• dialysis;
  • magnetic resonance imaging;
  • periventricular hyperintensity;
  • subcortical white matter hyperintensity;
  • white matter hyperintensities


Aim:  Cerebral white matter hyperintensities (WMHs), comprising periventricular hyperintensity (PVH) and deep and subcortical white matter hyperintensity (DSWMH) on magnetic resonance imaging (MRI), have been reported to be markers of ischaemic cerebral small-vessel disease and risk factors for future stroke, cognitive impairment and dementia in the general population. However, there have been only a few reports describing WMHs in haemodialysis (HD) patients and these previous studies have been relatively small population studies with little investigation on prevalence and risk factors according to the regional subtypes of WMHs.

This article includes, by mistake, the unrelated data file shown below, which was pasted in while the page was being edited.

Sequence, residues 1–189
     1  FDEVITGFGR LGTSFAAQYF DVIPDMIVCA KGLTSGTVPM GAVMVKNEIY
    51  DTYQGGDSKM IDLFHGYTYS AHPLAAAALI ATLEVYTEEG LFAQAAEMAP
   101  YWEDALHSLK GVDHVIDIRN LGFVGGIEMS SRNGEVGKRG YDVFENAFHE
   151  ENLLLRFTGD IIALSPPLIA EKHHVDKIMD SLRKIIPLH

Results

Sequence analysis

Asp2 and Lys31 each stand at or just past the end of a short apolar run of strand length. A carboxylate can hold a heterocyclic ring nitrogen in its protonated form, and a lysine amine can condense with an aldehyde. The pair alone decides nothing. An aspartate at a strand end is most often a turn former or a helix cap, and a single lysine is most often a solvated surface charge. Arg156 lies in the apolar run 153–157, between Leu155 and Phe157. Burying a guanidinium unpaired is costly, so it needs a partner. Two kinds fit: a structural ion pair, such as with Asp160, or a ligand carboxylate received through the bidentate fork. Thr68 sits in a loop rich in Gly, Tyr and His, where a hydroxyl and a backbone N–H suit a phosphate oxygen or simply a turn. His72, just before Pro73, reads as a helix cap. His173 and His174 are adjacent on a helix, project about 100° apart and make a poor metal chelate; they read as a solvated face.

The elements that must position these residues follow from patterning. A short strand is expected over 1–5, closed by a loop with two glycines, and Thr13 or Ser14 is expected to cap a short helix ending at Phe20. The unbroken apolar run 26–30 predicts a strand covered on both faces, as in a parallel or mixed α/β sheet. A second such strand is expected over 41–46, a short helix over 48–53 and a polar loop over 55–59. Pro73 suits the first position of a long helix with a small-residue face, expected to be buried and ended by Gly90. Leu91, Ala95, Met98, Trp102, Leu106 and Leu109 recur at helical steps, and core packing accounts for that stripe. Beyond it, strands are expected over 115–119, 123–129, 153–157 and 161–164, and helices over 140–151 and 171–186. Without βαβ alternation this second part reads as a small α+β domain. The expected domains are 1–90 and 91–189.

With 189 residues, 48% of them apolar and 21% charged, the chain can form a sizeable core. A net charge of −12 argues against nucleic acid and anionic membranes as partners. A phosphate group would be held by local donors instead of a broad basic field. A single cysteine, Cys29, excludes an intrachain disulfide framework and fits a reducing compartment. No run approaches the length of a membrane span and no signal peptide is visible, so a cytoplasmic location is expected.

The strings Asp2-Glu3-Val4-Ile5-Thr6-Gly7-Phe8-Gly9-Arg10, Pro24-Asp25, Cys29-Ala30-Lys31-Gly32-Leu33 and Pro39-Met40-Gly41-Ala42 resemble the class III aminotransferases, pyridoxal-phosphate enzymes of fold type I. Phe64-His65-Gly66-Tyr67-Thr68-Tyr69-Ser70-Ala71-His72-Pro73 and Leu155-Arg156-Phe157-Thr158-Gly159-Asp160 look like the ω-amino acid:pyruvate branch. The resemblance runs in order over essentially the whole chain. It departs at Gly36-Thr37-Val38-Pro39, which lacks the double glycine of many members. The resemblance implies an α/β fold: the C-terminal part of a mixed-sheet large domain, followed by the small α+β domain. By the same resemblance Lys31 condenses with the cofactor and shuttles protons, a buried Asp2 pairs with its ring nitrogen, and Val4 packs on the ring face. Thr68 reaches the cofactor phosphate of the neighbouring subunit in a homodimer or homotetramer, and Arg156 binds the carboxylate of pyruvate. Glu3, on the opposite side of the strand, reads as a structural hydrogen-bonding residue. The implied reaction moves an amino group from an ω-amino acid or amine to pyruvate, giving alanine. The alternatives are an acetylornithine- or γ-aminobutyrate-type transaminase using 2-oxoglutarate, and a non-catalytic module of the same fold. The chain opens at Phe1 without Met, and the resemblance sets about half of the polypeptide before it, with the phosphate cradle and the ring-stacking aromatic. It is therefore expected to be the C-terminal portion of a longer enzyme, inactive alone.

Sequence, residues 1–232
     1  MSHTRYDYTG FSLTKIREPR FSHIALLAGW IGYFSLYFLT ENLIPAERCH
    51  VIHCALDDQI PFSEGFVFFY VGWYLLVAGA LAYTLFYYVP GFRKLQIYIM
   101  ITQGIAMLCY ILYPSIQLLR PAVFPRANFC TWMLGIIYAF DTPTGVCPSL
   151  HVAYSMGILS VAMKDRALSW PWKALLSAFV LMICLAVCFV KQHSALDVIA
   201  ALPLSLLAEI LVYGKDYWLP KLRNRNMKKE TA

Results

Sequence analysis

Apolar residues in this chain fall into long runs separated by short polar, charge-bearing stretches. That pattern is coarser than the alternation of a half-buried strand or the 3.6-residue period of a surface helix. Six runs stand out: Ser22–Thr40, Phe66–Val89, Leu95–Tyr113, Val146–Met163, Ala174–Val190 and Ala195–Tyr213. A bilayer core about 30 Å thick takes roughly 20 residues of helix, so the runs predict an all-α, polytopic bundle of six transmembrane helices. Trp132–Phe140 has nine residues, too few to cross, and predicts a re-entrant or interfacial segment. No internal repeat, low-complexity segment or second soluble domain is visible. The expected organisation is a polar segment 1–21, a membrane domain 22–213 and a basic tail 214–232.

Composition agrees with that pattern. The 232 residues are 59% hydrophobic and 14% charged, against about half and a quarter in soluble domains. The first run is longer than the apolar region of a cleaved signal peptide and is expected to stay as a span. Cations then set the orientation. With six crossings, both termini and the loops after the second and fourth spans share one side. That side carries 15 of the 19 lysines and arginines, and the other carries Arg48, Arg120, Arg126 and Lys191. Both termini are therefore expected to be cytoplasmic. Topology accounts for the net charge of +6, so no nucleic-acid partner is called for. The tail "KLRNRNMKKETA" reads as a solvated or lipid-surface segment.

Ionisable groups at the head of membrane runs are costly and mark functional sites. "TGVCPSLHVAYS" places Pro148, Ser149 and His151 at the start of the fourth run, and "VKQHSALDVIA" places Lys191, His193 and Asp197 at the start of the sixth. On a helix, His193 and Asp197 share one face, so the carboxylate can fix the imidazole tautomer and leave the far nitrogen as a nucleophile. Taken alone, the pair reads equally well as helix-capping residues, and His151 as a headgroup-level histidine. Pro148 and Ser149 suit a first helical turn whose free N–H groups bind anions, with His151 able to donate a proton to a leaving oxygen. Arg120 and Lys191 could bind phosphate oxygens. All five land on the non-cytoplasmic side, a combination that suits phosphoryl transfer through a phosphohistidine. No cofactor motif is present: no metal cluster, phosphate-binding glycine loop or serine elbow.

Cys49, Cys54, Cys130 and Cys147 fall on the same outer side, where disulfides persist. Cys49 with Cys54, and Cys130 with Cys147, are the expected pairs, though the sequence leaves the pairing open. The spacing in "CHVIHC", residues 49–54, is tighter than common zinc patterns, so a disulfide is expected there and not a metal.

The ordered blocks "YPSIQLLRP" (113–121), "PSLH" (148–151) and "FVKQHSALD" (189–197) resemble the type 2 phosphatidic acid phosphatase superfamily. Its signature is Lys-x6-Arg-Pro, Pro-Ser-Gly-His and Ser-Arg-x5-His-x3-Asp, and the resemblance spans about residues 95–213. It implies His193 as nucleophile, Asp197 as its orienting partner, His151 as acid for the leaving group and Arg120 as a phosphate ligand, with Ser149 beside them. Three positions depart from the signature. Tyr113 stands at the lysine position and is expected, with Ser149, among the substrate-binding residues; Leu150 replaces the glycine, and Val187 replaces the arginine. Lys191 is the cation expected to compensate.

Methods:  Cranial MRI was performed on 179 HD patients and 58 healthy control subjects and we investigated the prevalence of WMHs (PVH and/or DSWMH) and the clinical factors associated with the presence of WMHs.

Results:  The prevalence of WMHs was significantly higher in the HD patients than in the healthy subjects. In the HD patients, multiple logistic regression analysis showed that independent and significant factors associated with the presence of PVH were age, female gender and systolic blood pressure and those associated with the presence of DSWMH were age, female gender, systolic blood pressure and body mass index.

Conclusions:  These findings indicated a high prevalence of WMHs in HD patients. Older age, female gender and high blood pressure were strong factors associated with the presence of both PVH and DSWMH. Moreover, excess body weight was a significant factor associated with the presence of DSWMH only, indicating that there may be differences in risk factors according to the subtype of WMHs.